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Virtual Spotlight: Another World 20th Anniversary Edition 3DS

Eric Chahi's bittersweet adventure changed the language of gaming without uttering a single word. (In English, anyway.)

Critique by Bob Mackey, .

Call it a coincidence, but Metal Gear creator Hideo Kojima tweeted this just one day before the release of Another World 20th Anniversary Edition on the 3DS eShop.

Keep in mind Another World was called "Outer World" in Japan, and "Out of this World" in America until recently.

I'm sure this message is meant to be taken literally, as in, "When can I play Another World on the PS4 or Xbox One?" But when this tweet popped up in my feed, my first interpretation was "When will this new generation of hardware see a game as fresh and revolutionary as Another World?" That's not me picking on Microsoft or Sony, mind you. Very few games of any generation come into being as untested and confident as Eric Chahi's labor of love—especially since it's become so much more difficult for a single production to be driven by the creative spirit of just one person.

Chahi didn't craft Another World without some important cues, of course. Without Jordan Mechner's Karateka and Prince of Persia, it's doubtful Chahi's game would feature the same rotoscoped graphics that depict the world in the visual language of cinema and endow the thoroughly average (at athletics, anyway) protagonist with a relatable sense of humanity. Mechner's games fell back into a reliable set of platforming and fighting mechanics, but Chahi aspired to something greater. While Another World pads out its length with some standard action segments—which feel much more forgiving than their original execution—Lester as a character can do much more than run, jump, and shoot. In fact, Another World feels like Chahi adapting the then-popular point-and-click adventure format to the grammar of action games: In any given scene, Lester is tasked with solving environmental puzzles in different ways, though these interactions are almost always performed using the same basic controls.

Welcome to Another World: Where everything wants to kill you in increasingly creative ways!

The design of Another World works in tandem with its incredible sense of atmosphere, as the player is given just as much information as Lester himself, and the game presents no real answers by the end. The unnamed dimension featured in Another World is one of conflict, sadness, and peril, as we see hints of a past civil war between the planet's several thousand natural death traps. Even as early as 1991, Chahi could've described this world with a verbosity that would make Wookiepedia blush. But he chose to let it speak for itself (in an alien language, no less), which gives Another World an enigmatic quality that's rarely seen outside of designers directly inspired by his game. It shouldn't surprise you that Team Ico's Fumito Ueda cites Another World as a major influence, and Ueda certainly takes after Chahi in terms of productivity. In the 23 years since its original release, Chahi has only released two games, one of them being fraught with production problems throughout its extended development cycle—sound familiar?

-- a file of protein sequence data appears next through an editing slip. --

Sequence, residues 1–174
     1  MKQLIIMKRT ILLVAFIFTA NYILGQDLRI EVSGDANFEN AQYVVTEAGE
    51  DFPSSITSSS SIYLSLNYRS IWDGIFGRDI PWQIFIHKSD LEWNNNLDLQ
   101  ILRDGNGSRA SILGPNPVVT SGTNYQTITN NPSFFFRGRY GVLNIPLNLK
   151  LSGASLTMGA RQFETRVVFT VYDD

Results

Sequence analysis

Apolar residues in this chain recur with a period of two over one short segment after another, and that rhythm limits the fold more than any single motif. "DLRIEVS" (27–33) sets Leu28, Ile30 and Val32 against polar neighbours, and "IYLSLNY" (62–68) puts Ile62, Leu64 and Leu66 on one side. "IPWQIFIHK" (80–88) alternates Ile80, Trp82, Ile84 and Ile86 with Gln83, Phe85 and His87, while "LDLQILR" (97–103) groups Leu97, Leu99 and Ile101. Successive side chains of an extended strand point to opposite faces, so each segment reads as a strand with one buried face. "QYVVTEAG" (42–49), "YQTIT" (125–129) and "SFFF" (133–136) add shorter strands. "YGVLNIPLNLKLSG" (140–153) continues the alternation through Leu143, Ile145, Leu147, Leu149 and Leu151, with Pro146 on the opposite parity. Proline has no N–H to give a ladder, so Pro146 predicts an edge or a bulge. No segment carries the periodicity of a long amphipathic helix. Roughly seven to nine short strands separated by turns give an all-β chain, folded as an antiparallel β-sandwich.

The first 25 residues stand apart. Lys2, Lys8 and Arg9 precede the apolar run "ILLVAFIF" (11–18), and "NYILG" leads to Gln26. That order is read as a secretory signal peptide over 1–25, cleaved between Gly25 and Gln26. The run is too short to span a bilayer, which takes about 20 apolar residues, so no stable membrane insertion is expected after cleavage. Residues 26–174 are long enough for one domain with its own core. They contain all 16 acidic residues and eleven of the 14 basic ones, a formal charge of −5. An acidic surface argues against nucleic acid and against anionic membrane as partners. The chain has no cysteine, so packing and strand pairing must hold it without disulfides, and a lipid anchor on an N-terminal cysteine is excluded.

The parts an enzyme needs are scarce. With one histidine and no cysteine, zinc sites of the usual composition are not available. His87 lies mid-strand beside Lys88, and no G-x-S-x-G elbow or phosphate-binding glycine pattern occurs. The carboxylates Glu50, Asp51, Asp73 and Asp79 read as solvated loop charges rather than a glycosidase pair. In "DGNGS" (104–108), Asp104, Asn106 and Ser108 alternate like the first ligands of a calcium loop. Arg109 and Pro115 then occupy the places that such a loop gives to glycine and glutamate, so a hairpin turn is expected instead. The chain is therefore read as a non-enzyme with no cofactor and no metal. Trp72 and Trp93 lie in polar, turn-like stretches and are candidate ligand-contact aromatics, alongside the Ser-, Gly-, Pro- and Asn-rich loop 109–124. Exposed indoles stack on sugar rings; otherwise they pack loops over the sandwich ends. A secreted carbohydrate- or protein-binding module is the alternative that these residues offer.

Thanks to Chahi's efforts, Another World has been made playable on just about every device capable of sending a signal to your TV—and seeing as this is the three-year-old 20th Anniversary Edition, there aren't many surprises to the 3DS version I checked out. With a touch of a button, you can switch from old to newer graphic styles, and this version includes the option to add music from the original, CD, and remastered editions of the game. But the experience is still the same regardless, and Another World is definitely an experience every gamer should have—and not just for the sake of checking out a historical curiosity. Another World still feels incredibly forward-thinking, almost as if Chahi had developed a game for this decade's indie scene without even realizing it. If you somehow missed Another World over the past few decades, and a 3DS (or Wii U) is your only outlet for video gaming, you've officially run out of excuses. I can't help you scrounge up that $7.99, though.

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